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Tom Yum Thai

First published in Bangalore Mirror

I realised recently that if you want to save on the time and expense of international travel, and yet explore the cuisine of Southeast Asia, all you have to do is travel from one end of 12th Main to the other – The Fatty Bao, Mamagoto, One Night in Bangkok, Phobidden Fruit! These establishments though, are largely gastro pubs, and barring very few exceptions, end up costing as much as that international trip! And thus I wondered how a Thai restaurant on CMH road would play it. Though on the main road, it’s pretty well hidden, and the presence of a clinic on the ground floor might intimidate or assuage, depending on how you see it. (map) Perched on the top floor, its terrace section easily outscores the indoor option. So much so that we saw people waiting for a spot outside, even though there were tables vacant inside! The high roof, the Buddha, all lend a certain sense of calm, and with the kind of weather we’re having, the ambiance outside is spot on for a good dining experience. It also manages to minimise the potential damage that can be caused by “Hits of MLTR” playing in a loop.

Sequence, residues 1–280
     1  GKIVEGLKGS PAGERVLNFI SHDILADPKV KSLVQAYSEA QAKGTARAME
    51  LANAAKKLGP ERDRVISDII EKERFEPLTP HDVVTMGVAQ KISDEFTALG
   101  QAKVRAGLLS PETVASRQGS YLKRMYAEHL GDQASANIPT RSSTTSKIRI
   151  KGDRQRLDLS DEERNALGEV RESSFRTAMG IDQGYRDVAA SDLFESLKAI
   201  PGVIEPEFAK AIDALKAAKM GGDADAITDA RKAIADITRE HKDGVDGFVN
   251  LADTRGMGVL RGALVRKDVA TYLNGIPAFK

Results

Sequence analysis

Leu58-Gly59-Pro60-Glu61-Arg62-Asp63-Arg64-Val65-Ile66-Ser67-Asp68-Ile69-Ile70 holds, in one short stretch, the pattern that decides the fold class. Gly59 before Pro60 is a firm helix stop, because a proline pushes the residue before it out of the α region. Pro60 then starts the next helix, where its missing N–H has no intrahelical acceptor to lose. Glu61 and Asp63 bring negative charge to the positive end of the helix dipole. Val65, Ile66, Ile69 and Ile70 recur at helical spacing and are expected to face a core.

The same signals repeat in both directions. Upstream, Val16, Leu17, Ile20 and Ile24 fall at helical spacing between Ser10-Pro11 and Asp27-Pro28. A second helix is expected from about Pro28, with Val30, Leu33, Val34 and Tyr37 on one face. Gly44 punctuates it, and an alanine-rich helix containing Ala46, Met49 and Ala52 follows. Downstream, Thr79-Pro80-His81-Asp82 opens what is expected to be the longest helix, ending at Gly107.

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Hangover

First published in Bangalore Mirror

It’s not often that you see a Volkswagen van on the first floor of a building in Indiranagar. That, requires a Hangover. Inspired by Thai cocktail trucks, this is one of the bright spots in the latest addition to Indiranagar’s pub scene. (map) The ground floor seems a little drab compared to the first floor, which thanks to the van, chalkboard and some fancy lighting creates a peppy ambiance.

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One Night in Bangkok

First published in Bangalore Mirror

If you’re looking for a travel post, stop! ONIB is the name of a Bar & Grill in Indiranagar, run by the folks behind Plan B and Mother Cluckers. Reaching Indiranagar 12th Main is only marginally easier than getting to Bangkok, so we wanted to make sure that our trip wouldn’t be wasted, and tried to reserve a table. But that, we were told, wasn’t possible. Visa on arrival, just like Thailand! Street parking it is, all the very best!

A sliding door and a thick black curtain lead you into a relatively small seating area, though they have used the space really well. At 7.30, we had the place pretty much all to ourselves. That meant we could really look around, after adjusting to the darkness, at what’s being positioned as India’s first Thai dive bar. The Buddha statuettes, the Muay Thai wall painting and the menu itself easily take care of the Thai part, but I think the place is a dive bar more in spirit than in actuality, judging by the prices and the décor. The bar stands out like a beacon of hope in the otherwise dim lit ambiance. Despite mostly high seating – wooden chairs – the place somehow manages to give out a plush feel. The stylish dinginess, together with the DJ’s groovy playlist based on 80s music ensures that the place has the potential to become a favoured neighbourhood joint, probably for a crowd older than the standard pub/lounge set.